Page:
When people come here for the first time we are the “welcomers,” and thus we have the upper hand. But again, one thing we need to understand before we can become a welcoming church is that it’s not just a matter of us welcoming others. It is also, if not primarily, a matter of this community welcoming us. We are in their territory. To be more specific, we shouldn’t just tell people in Edgewood Grove (our closest neighbors) that they are welcome here at St. Mark. We should also be about seeking their welcoming of us. I just think we need to remember that as we continue to claim for ourselves the title, “A welcoming church.”
Another thing we can learn from this passage is that it’s not as easy as we think it is to be a welcoming church. Jesus gives a few examples of people who may have had a difficult time being welcomed in that day. He says, “Whoever welcomes a prophet in the name of a prophet will receive a prophet’s reward; and whoever welcomes a righteous person in the name of a righteous person will receive the reward of the righteous.” There are not too many people who walk through our doors these days that we are likely to call a “prophet” or even a “righteous person.” We simply don’t use that kind of language today. But in Jesus’ day these two categories, “prophet” and “righteous person,” were fairly commonplace. A prophet claimed to speak for God. And a “righteous person” was someone who strictly obeyed the rabbinical laws. These were Jewish categories of people.
My guess is that neither one of these two groups of people were treated very well in the early Christian community. Because the Christians believed Jesus had “fulfilled the law and the prophets” they probably didn’t think there was any more need for either strict observers of the law (“righteous persons”) or prophets. In fact, the role of a prophet largely disappears in the Christian religion. Prophets were also high on the list of “those people who endure the most persecution” because they claimed to speak for God! And most of what they claimed God was saying through them was fairly harsh. “Woe to you . . .” was a fairly standard opening line in a prophet’s speech. That would not win them many friends. So if a wandering prophet shows up at church one Sunday morning and blasts us with harsh pronouncements from God, guess how “welcoming” we will be? Not very. And if we did welcome him, guess what our “reward” would be: Harsh pronouncements from God!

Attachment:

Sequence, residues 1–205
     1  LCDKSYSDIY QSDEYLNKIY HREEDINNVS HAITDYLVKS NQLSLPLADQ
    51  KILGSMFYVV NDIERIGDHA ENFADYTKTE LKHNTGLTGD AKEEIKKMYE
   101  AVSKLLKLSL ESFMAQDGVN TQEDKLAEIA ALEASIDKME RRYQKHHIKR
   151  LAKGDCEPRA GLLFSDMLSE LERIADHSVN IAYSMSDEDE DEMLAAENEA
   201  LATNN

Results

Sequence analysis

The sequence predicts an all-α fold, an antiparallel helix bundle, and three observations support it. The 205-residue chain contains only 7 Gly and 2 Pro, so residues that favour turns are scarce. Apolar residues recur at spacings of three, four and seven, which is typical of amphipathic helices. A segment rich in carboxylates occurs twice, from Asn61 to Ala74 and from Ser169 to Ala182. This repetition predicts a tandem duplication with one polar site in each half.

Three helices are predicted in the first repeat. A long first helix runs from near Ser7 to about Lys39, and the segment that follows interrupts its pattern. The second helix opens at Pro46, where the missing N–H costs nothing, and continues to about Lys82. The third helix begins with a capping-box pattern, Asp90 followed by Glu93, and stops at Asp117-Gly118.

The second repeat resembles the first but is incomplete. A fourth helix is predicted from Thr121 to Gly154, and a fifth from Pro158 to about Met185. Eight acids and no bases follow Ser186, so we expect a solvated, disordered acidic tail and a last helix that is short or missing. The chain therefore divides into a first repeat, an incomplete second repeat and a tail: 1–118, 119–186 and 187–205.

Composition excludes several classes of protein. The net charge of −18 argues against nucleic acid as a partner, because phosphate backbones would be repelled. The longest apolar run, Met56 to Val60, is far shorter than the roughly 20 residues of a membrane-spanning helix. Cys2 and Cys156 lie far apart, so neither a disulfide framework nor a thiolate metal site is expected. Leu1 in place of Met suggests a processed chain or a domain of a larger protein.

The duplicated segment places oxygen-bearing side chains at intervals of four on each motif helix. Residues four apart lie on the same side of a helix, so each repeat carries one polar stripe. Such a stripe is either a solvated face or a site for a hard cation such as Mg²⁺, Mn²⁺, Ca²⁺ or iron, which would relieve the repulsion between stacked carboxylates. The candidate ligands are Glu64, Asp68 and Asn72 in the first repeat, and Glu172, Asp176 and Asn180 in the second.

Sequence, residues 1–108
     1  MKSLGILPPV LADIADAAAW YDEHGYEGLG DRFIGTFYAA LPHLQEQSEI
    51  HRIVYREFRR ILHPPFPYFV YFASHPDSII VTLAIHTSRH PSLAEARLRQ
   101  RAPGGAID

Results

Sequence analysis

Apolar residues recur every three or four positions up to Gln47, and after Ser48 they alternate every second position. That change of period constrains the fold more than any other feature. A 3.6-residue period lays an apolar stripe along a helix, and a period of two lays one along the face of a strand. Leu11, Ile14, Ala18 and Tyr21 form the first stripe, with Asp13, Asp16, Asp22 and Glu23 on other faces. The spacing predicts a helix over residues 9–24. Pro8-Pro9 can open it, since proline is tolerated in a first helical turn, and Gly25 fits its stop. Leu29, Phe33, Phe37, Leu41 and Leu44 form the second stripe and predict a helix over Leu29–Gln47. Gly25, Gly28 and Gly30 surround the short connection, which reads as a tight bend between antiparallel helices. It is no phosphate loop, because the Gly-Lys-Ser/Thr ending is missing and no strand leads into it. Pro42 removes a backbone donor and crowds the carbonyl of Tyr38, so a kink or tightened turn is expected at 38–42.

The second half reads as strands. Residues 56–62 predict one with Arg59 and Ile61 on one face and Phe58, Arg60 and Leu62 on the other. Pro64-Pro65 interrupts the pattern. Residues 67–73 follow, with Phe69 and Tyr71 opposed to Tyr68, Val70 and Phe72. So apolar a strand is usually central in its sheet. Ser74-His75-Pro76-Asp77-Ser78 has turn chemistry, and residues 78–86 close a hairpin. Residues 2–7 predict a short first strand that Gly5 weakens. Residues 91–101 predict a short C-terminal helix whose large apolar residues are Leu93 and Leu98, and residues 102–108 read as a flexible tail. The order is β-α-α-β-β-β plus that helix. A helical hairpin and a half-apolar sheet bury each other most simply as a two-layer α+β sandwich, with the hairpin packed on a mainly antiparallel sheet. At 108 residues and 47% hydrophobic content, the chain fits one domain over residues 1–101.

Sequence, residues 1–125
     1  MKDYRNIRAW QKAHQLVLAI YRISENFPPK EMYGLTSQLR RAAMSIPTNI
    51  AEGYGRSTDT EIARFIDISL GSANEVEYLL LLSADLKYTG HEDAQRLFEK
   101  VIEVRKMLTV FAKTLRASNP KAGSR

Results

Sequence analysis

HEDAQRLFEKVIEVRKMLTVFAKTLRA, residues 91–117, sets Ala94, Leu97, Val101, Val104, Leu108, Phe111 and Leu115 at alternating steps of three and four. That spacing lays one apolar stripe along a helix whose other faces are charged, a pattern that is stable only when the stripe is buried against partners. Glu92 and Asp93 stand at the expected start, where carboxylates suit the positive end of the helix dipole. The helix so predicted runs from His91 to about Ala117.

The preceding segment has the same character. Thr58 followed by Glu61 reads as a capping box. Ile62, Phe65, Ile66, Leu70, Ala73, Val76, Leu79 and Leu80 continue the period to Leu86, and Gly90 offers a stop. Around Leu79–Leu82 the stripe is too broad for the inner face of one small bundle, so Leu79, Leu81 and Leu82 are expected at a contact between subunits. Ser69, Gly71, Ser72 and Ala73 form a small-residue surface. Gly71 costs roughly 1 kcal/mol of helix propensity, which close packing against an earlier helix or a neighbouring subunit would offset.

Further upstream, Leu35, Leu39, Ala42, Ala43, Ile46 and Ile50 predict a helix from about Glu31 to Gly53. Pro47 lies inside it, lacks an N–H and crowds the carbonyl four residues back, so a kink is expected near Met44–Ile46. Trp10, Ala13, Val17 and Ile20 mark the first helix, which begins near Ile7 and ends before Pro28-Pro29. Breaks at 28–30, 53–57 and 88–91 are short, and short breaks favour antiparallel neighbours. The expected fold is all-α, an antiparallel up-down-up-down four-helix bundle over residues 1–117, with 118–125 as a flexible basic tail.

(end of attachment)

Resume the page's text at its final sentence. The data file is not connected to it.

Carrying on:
Likewise, if a “righteous person” or strict observer of the rabbinical laws shows up to church on a Sunday morning, whether in the first century or in ours, guess what kind of welcome they would receive? Imagine sitting there in your pew thinking this Jesus stuff is pretty cool because you no longer have to obey all of those rabbinical laws, and this “righteous person” that you’ve allowed to sit next to you in your pew starts telling you that if you don’t obey all the laws of Israel you cannot be a child of Abraham. Do you think you will want to be so welcoming next time?
It’s not as easy as we think it is to be a welcoming church. How welcoming will we be to someone who claims to speak for God, to someone who reeks of self-righteousness, to someone who is intolerant or bigoted, or to someone who has very different opinions about the Bible and theology? Isn’t it true that we are more likely to offer an “extravagant welcome” to those who will reward us in ways we appreciate, like those who can put a lot of money in the offering plate, those who can teach Sunday school or serve on a committee, those who have fresh, new ideas for making our church better, or those who can bring other new members in? We should be honest with ourselves about just how far our “extravagant welcoming” or hospitality really goes.
Finally, Jesus tells his followers that “whoever gives even a cup of cold water to one of these little ones in the name of a disciple—truly I tell you, none of these will lose their reward.” Jesus is being ironic here, because if you need to welcome someone by offering them a cup of cold water, the only reward you will receive is the satisfaction of helping someone. This is the final point I want to make about being a welcoming church: the only reward we should expect is the satisfaction of being a welcoming church. It is its own reward. Bernard of Clairvaux, the 12th century founder of the Cistercian Order, said, “Love is its own payment, its own reward.” This was echoed in the 20th century by the great American Cistercian monk and writer, Thomas Merton, who said, “Love . . . is its own reward.”
At its base, welcoming is an expression of love. Perhaps it is love’s greatest expression, at least in terms of how we relate to those outside of our immediate families. So whether the one we welcome needs a cup of cold water or a warm pew, the most important thing we can do as a church is to open our arms and extend a welcome whenever the opportunity arises. We just need to make sure we have something of substance to offer them once they are here!